Rebecca: OK, so this would be a really great step to take. I do have a whole blog post about it on my blog. Rebeccarice.com/blog if you like, type in the search bar pricing. You'll find a blog post where I walk through every single step for how did your cost of doing business. So you can go check that out. But while you're here, a quick overview. Basically, I want you to have a revenue goal in mind, how much you're wanting to bring in from these mini sessions. And then from there, you're going to figure how much your expenses are for those mini sessions. Think of everything, the cost of your gear, the cost of your website and, you know, lightroom and all the things that go into running your business and also factoring in taxes, because whatever you bring in from your revenue, you also are going to be paying taxes off of that. And so from there, you take your revenue goal and then you have however much you're going to be spending on it, including taxes. And then I want you to count up how many hours you're going to be spending doing these mini sessions, not just shooting the mini sessions, but, you know, communicating with clients, marketing, driving, you know, editing, all the post-processing with the mini sessions. There's a lot of hours that go into it. So consider how many hours it's going to take. And then I want you to to figure what the hourly rate is going to be, OK? And you can kind of work backwards if you have, like an hourly rate in mind, you can work backwards from there. And I walk you through the actual like equations in the blog post because I know it's a little like hard to do over a clubhouse, especially something like math. That's so visual. But that's the basic idea, is you want to know how much are you making because we want this thing to be profitable. Right. So I can tell you, fifty dollar mini sessions are not profitable. So that's a good baseline. Just no. Like, if you're doing fifty dollar minis, they're not going to make money, period. They're just not because of all the hours that are involved and things like that. And so I tell people a good like baseline is one hundred and fifty dollars, like typically anything below that is not going to be paid. Profitable. But some people need to charge more than that to hit their cost of doing business or their revenue goals. So for me, my mini sessions are two eighty five for ten minute sessions. That is on the higher side of things. So don't feel like, oh my gosh, I have to charge twenty five right out the gate. Like that's not the case. But definitely like run your numbers and see what you need to hit your revenue goals based on what your expenses are and things like that.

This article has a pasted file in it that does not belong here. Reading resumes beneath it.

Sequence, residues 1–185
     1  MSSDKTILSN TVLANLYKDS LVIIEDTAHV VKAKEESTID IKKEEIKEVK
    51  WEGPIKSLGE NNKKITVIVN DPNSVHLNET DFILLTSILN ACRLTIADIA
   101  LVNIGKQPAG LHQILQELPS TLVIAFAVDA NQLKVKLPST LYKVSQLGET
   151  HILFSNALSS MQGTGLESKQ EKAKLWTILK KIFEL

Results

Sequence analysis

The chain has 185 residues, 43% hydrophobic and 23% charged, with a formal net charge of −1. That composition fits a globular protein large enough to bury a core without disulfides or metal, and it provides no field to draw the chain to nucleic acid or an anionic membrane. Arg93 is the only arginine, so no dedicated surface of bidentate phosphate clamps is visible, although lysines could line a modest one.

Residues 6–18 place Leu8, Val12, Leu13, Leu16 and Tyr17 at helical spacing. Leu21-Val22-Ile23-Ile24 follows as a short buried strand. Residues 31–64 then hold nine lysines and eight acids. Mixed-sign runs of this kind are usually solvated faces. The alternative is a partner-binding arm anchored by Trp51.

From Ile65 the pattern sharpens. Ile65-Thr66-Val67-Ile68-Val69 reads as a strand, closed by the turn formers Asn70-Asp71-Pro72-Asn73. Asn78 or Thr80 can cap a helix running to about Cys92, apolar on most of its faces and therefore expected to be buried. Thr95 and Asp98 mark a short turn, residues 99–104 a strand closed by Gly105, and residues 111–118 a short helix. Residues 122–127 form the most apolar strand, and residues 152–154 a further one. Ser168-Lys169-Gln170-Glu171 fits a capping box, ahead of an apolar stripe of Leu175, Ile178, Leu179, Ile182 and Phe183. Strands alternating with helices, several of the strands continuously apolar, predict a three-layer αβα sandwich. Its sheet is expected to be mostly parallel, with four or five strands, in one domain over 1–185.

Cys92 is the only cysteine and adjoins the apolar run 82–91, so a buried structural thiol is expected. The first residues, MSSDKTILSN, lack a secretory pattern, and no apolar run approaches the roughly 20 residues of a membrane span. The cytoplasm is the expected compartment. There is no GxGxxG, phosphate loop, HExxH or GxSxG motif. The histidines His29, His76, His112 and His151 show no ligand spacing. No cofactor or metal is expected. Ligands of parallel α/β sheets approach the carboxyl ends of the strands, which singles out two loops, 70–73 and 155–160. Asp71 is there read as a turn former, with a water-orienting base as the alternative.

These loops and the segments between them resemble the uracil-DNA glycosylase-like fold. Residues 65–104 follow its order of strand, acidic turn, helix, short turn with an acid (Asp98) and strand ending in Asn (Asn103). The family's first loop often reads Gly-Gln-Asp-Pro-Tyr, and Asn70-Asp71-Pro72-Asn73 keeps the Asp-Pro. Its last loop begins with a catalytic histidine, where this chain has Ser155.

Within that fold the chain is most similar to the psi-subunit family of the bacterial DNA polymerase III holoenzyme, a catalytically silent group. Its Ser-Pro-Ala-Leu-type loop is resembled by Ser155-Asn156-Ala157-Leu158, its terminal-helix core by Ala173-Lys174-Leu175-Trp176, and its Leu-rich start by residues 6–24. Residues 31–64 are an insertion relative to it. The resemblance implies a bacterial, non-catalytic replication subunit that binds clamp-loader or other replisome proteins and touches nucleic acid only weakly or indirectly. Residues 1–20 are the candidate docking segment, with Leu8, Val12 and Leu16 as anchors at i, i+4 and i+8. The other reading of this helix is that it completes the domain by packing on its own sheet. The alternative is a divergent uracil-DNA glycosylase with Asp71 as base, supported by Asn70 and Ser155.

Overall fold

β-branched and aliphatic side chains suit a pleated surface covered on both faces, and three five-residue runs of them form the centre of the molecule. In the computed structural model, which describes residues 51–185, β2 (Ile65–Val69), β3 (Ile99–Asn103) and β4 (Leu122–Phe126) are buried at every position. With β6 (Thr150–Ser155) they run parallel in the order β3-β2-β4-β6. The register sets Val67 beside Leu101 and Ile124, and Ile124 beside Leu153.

Christina: OK, because I'm at the point where I'm like I don't want to give away my work, but I also want to bring in new clients. So I'm like, it's a tricky balance.
So, yeah, your answer. And I will definitely be looking into that.
Rebecca: Of course. Yeah. That's a hard line to balance as well of you know, you don't want to overprice yourself. But I will say that there comes a point that you just can't charge less than X amount, whatever that is for you. And that's what your cost of doing business will tell you. Like it's not going to be profitable if you're charging less than however much. And so you'll know that number, and then from there, it's a marketing game because no matter what you price, I've seen people book Minis one hundred and fifty dollars and I've seen people book at three hundred and fifty dollars. So the price point is not as vital. It's how you market for that price point that makes a really big difference. So marketing is going to make or break you, I would say get your marketing game really strong. And if if you're newer into the marketing thing, go check out my free class. That's happening tomorrow and Friday because I'm diving all into marketing. It's like a whole world. I love talking all things marketing, but that's what's going to really make or break your minis going forward.
Christina: Wonderful. Thank you so much. I really appreciate it.